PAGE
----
UKTC Archive

Re: Tree hazard potential assessment study Standing dead trees

Subject: Re: Tree hazard potential assessment study Standing dead trees
From: Wayne Tyson
Date: Nov 27 2019 04:10:01
Seems reasonable to me. Sometimes it's revealing to post "interesting"
concepts.

Wayne

On Tue, Nov 26, 2019 at 7:39 PM Michael Richardson <
richardsontreecare@xxxxxx.com> wrote:

The most well known study on changes in ash due to EAB is likely:  Effects
of Emerald Ash Borer Infestation on the Structure and Material Properties
of Ash Trees, in Arboriculture & Urban Forestry 39(1): January 2013

Michael Richardson B.Sc.F., BCMA
Ontario MTCU Qualified Arborist
Richardson Tree Care
Richardsontreecare.ca
613-475-2877
800-769-9183

  <http://www.richardsontreecare.ca/images/Tree_Doc_logo_email.png>



On Tue, Nov 26, 2019 at 10:34 PM Michael Richardson <
richardsontreecare@xxxxxx.com> wrote:

Looking through the company's website and videos it is clear that their
inspection of trees is by eye-ball and all inspections result in one of
two
things 1) treat for EAB or 2) remove immediately.  The company is selling
services, and the services do not include tree inspection and assessment.

The claim that the trees are becoming brittle and failing does not hold a
lot of truth, the more likely scenario is that some trees are becoming
brittle and others are becoming soft.  EAB infested ash often fail at the
root plate due to decay of the roots and this has nothing to do with
dying
and brittle.

I think Wayne you can see that this company's website is not the place to
look for insight into tree inspection and assessment but rather is a good
place to look for how a tree service sells their services.

The way that I handle ash trees is to recognize that most will need
partial or entire removal if the owner wishes to reduce the likelihood of
failure and impact to nearly zero.  Thus municipalities and large land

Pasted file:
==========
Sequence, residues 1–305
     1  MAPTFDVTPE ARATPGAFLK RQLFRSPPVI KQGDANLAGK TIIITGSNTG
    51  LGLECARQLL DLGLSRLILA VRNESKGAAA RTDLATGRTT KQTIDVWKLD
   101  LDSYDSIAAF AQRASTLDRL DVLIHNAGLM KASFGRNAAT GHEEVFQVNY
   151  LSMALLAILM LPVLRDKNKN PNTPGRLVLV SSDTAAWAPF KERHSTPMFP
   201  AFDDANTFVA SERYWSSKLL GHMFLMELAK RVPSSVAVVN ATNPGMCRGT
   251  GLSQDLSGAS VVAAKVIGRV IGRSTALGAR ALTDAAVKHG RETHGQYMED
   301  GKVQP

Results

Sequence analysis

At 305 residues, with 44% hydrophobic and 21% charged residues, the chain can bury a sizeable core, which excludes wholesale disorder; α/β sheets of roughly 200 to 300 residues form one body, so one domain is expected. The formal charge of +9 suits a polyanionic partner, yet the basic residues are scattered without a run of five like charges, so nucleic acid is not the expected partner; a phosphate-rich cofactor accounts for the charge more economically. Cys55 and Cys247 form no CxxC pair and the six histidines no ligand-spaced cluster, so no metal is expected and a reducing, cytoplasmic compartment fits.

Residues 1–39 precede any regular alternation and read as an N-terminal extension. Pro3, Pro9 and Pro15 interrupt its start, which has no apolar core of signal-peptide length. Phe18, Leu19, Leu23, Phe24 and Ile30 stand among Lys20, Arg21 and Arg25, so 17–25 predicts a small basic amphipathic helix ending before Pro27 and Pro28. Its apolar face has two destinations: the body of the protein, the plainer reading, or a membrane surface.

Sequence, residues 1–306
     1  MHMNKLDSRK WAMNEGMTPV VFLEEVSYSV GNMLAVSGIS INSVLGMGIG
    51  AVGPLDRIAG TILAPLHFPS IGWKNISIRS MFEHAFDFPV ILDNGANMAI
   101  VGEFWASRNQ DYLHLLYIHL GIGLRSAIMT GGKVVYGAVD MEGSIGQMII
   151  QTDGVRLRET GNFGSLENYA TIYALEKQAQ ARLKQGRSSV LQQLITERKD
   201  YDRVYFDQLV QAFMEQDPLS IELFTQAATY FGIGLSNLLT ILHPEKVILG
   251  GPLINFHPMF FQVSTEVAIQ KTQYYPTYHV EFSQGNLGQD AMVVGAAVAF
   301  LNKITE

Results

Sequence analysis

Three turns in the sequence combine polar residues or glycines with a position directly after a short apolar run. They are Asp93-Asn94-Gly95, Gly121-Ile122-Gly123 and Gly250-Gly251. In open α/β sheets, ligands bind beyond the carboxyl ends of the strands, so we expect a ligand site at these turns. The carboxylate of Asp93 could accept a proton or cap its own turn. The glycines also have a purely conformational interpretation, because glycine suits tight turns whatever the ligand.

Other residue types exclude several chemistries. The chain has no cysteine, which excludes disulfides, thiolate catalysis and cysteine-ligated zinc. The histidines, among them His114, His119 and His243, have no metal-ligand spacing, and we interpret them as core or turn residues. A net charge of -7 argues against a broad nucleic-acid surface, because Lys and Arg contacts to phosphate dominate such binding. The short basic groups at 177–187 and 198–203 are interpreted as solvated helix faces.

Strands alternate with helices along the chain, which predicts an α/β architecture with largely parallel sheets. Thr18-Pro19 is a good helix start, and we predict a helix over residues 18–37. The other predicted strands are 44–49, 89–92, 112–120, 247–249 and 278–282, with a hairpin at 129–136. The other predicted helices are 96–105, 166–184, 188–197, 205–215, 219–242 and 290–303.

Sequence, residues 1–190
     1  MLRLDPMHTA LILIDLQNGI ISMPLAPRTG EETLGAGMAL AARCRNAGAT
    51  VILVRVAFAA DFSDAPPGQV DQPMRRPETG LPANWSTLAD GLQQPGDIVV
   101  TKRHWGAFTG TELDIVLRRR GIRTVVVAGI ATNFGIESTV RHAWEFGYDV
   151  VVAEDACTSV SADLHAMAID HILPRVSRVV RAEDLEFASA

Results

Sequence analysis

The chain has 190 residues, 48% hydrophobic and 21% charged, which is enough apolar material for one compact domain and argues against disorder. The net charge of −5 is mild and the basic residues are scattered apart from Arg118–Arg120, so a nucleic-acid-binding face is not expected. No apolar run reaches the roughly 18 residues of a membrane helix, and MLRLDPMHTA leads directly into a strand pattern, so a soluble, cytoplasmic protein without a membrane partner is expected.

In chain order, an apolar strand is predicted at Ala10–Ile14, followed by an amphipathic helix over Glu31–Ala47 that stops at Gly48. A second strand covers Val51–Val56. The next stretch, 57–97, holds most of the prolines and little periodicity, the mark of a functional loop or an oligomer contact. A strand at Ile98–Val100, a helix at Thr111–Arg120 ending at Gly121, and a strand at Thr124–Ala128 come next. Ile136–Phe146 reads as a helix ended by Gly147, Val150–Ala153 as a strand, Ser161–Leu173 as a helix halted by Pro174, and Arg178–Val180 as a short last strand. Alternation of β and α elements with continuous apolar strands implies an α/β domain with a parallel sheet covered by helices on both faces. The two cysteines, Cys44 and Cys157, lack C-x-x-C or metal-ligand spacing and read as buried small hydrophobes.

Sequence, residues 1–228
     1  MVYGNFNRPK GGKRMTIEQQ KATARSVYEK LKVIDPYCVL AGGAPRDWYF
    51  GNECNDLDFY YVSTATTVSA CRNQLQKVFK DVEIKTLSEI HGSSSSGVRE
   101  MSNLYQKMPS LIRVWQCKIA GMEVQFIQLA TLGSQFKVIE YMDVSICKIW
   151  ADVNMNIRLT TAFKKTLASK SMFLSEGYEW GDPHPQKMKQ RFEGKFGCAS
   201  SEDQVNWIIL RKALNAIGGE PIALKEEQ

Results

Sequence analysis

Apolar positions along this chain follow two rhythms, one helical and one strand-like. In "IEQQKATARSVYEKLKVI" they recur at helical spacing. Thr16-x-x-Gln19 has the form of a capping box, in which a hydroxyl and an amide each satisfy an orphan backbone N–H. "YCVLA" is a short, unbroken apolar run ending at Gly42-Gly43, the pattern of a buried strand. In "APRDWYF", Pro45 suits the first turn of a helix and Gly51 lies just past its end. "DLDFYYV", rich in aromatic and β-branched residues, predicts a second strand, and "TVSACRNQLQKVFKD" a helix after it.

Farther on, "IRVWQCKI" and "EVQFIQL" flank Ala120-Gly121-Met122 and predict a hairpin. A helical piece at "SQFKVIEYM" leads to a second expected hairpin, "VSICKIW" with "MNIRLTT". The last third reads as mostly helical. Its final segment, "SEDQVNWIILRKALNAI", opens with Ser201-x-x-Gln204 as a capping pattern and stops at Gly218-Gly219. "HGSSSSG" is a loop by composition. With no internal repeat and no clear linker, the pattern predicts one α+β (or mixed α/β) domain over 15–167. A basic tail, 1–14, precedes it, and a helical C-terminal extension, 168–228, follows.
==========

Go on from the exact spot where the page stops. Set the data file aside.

owners I work with often want 100% removal along roads, high use trails,
and busy parks but they want the removals staggered over five to ten
years.  In these cases the answer is to prioritize based upon stage of
decline/decay and occupancy.  Others bury their head and only work on
responding to fallen trees.

Michael

Michael Richardson B.Sc.F., BCMA
Ontario MTCU Qualified Arborist
Richardson Tree Care
Richardsontreecare.ca
613-475-2877
800-769-9183

  <http://www.richardsontreecare.ca/images/Tree_Doc_logo_email.png>



On Tue, Nov 26, 2019 at 4:53 PM Wayne Tyson <wt750mv@xxxxxx.com> wrote:

I stumbled on the "dry" statement a bit too, but when the living tissue
stops functioning, and depending upon the specific case, I suppose it
could
be a correct observation of said case. Whether or not and how and when,
essentials in any complete analysis, might or might not support a
principle. Too bad they didn't mention the details more about processes.

Wayne

On Tue, Nov 26, 2019 at 1:13 PM Michael Richardson <
richardsontreecare@xxxxxx.com> wrote:

That is all very nice but how is the company testing the trees?
Sending an
arborist out to eyeball the tree and decide it needs to come down and
only
by them?

When you have studied EAB-killed ash you will realize that trees in
the
woods are quite different than trees in the front yard.  Drying is not
the
issue at the forest duff/trunk interface.



Michael Richardson B.Sc.F., BCMA
Ontario MTCU Qualified Arborist
Richardson Tree Care
Richardsontreecare.ca
613-475-2877
800-769-9183

  <http://www.richardsontreecare.ca/images/Tree_Doc_logo_email.png>



On Tue, Nov 26, 2019 at 1:49 PM Wayne Tyson <wt750mv@xxxxxx.com>
wrote:

This piece just showed up:
https://www.giroudtree.com/blog/dead-ash-trees-are-not-safe/

*No* standing dead tree is "safe." Oh, yes, yes, yes--dead and
defective
trees are "good for wildlife." BOTH statements are true.

But such trees also pose a significant problem for tree workers, and
the
longer the tree remains standing (while it continues to weaken from
decay),
the more dangerous it is to work on and around.

How do you ladies and gentlemen handle the overall issue?

Wayne



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To unsubscribe send mailto:uktc-unsubscribe@xxxxxx.tree-care.info

The UKTC is supported by Bosky Trees arboricultural consultancy
http://www.boskytrees.co.uk/




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The UK Tree Care mailing list
To unsubscribe send mailto:uktc-unsubscribe@xxxxxx.tree-care.info

The UKTC is supported by Bosky Trees arboricultural consultancy
http://www.boskytrees.co.uk/